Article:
CHARACTERIZING COMPLEXITY IN WEBS OF FEAR: ROLES OF PREDATOR TYPE, DIET, AND HABITAT IN THE SPATIAL DISTRIBUTION OF ZOOPLANKTON AND FISH IN LAKES AND RESERVOIRS
Infochemicals (kairomones) of planktivores influence the movement of zooplankton. We investigated the response of Daphnia pulex in the presence or absence of macrophytes to a piscivore (Esox masquinongy), a planktivore (Lepomis macrochirus) with either a diet of zooplankton or crickets, and a control. We observed avoidance of D. pulex to the four fish stimuli in tanks with a barrier restricting fish at the edge of one third of the tank and macrophyte treatments on the opposing side, where D. pulex were introduced. Fewer D. pulex moved from the introduction area in the presence of bluegill with a conspecific diet than in other treatments; avoidance of the fish stimuli was least in the control and muskellunge treatments. Movement out of the introduction area was also greater when macrophytes were there. Movement into the fish zone from the central zone was less frequent in the presence of a predator and macrophytes, suggesting D. pulex prefer edges of macrophytes in the presence of fish to open water or the interior of macrophytes. This study shows that Daphnia response to fish is not conserved and habitat arrangement structures the landscape of fear.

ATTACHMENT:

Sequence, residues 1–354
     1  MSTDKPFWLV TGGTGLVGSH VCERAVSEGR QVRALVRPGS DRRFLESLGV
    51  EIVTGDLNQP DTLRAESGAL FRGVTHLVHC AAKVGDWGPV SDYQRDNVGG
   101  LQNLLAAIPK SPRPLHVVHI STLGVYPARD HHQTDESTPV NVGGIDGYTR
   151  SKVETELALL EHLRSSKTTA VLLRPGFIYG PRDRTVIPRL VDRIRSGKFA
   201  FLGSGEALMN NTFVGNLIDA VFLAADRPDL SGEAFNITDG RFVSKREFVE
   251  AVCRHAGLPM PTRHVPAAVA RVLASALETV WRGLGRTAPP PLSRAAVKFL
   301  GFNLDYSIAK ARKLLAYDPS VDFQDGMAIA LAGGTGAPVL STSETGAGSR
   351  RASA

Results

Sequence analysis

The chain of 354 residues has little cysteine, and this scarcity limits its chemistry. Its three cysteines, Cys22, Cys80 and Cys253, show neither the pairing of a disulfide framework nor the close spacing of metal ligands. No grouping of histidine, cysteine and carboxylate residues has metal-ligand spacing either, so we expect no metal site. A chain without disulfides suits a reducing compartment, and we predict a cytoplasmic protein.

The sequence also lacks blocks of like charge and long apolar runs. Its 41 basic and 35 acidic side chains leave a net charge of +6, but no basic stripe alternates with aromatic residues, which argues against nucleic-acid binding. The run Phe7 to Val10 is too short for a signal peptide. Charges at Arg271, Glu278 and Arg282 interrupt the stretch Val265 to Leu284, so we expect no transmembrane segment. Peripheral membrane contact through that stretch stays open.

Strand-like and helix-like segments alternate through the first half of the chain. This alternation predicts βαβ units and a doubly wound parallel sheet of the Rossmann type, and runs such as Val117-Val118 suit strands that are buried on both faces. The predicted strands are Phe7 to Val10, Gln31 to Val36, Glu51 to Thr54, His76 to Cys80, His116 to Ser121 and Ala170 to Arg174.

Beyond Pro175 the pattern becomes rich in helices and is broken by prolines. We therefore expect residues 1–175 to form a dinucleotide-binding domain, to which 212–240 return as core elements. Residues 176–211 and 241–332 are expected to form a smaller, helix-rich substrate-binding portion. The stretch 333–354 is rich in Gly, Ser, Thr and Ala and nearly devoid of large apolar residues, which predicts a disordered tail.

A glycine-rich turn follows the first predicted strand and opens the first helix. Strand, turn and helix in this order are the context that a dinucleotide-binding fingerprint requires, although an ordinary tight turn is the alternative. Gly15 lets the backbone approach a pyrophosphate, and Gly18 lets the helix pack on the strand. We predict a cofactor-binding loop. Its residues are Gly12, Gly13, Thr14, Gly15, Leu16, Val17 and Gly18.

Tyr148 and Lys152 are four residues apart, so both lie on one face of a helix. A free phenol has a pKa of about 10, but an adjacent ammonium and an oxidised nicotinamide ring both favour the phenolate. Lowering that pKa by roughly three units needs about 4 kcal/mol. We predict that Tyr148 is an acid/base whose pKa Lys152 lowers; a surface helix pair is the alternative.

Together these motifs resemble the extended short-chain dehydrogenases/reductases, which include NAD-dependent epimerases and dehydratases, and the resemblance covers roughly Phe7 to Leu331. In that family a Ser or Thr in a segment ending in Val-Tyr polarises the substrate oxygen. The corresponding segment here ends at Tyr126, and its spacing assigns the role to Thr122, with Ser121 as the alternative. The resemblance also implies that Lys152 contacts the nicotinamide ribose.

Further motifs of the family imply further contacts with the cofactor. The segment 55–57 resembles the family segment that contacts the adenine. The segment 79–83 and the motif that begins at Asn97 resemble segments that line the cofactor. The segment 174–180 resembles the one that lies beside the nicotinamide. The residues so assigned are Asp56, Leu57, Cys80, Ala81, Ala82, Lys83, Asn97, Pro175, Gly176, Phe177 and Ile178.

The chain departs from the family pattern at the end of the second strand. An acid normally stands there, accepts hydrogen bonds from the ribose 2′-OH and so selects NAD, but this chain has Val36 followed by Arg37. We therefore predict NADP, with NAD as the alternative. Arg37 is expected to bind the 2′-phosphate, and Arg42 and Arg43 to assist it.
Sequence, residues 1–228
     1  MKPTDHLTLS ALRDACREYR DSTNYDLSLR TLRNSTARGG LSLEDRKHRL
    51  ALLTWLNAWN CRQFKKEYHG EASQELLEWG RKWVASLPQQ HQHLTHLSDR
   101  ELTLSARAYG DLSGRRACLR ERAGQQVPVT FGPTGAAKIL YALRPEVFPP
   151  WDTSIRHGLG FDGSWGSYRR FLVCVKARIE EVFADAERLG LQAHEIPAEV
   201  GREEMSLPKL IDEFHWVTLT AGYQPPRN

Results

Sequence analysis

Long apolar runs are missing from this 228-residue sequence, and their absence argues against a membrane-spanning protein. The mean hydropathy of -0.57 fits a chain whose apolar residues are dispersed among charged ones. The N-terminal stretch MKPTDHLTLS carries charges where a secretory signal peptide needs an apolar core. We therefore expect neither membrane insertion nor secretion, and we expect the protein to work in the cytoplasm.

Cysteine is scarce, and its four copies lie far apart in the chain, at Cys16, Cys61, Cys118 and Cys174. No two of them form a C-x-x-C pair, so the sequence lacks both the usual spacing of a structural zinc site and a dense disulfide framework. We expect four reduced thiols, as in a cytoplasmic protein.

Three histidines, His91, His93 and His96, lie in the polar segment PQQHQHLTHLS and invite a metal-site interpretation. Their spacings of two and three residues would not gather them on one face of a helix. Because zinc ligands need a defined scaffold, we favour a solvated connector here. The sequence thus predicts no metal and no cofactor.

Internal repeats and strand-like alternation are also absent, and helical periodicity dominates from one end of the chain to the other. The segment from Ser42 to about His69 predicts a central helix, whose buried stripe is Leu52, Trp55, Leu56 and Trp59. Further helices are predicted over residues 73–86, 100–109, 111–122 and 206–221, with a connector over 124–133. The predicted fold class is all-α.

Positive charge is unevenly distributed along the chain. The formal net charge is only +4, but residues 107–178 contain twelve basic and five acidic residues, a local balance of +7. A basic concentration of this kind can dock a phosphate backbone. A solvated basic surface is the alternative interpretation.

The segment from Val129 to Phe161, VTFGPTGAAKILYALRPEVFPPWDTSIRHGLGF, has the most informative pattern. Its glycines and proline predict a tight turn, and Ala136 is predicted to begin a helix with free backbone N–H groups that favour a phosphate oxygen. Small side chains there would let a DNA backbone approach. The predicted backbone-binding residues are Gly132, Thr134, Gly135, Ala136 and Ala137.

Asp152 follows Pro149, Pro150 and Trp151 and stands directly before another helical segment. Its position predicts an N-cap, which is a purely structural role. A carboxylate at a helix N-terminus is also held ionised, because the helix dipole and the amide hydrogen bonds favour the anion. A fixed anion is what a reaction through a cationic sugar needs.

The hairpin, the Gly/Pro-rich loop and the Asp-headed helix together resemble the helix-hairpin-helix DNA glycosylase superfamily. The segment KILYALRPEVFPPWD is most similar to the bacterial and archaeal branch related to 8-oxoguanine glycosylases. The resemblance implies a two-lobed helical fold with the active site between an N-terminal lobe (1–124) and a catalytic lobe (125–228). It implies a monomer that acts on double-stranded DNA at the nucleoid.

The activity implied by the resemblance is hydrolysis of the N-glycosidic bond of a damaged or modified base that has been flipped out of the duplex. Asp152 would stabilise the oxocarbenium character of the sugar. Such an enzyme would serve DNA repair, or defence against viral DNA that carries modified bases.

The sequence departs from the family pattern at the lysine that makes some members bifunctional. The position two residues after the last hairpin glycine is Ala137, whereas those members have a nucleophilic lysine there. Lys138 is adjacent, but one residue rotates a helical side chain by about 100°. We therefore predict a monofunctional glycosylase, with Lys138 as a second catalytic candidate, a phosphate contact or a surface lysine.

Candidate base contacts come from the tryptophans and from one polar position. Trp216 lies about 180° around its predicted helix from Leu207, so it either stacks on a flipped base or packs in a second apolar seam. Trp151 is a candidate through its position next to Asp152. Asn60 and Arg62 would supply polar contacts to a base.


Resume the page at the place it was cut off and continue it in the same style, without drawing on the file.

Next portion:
Thomas Detmer (Primary Presenter/Author), University of Illinois, firstname.lastname@example.org;
David Wahl (Co-Presenter/Co-Author), University of Illinois, email@example.com;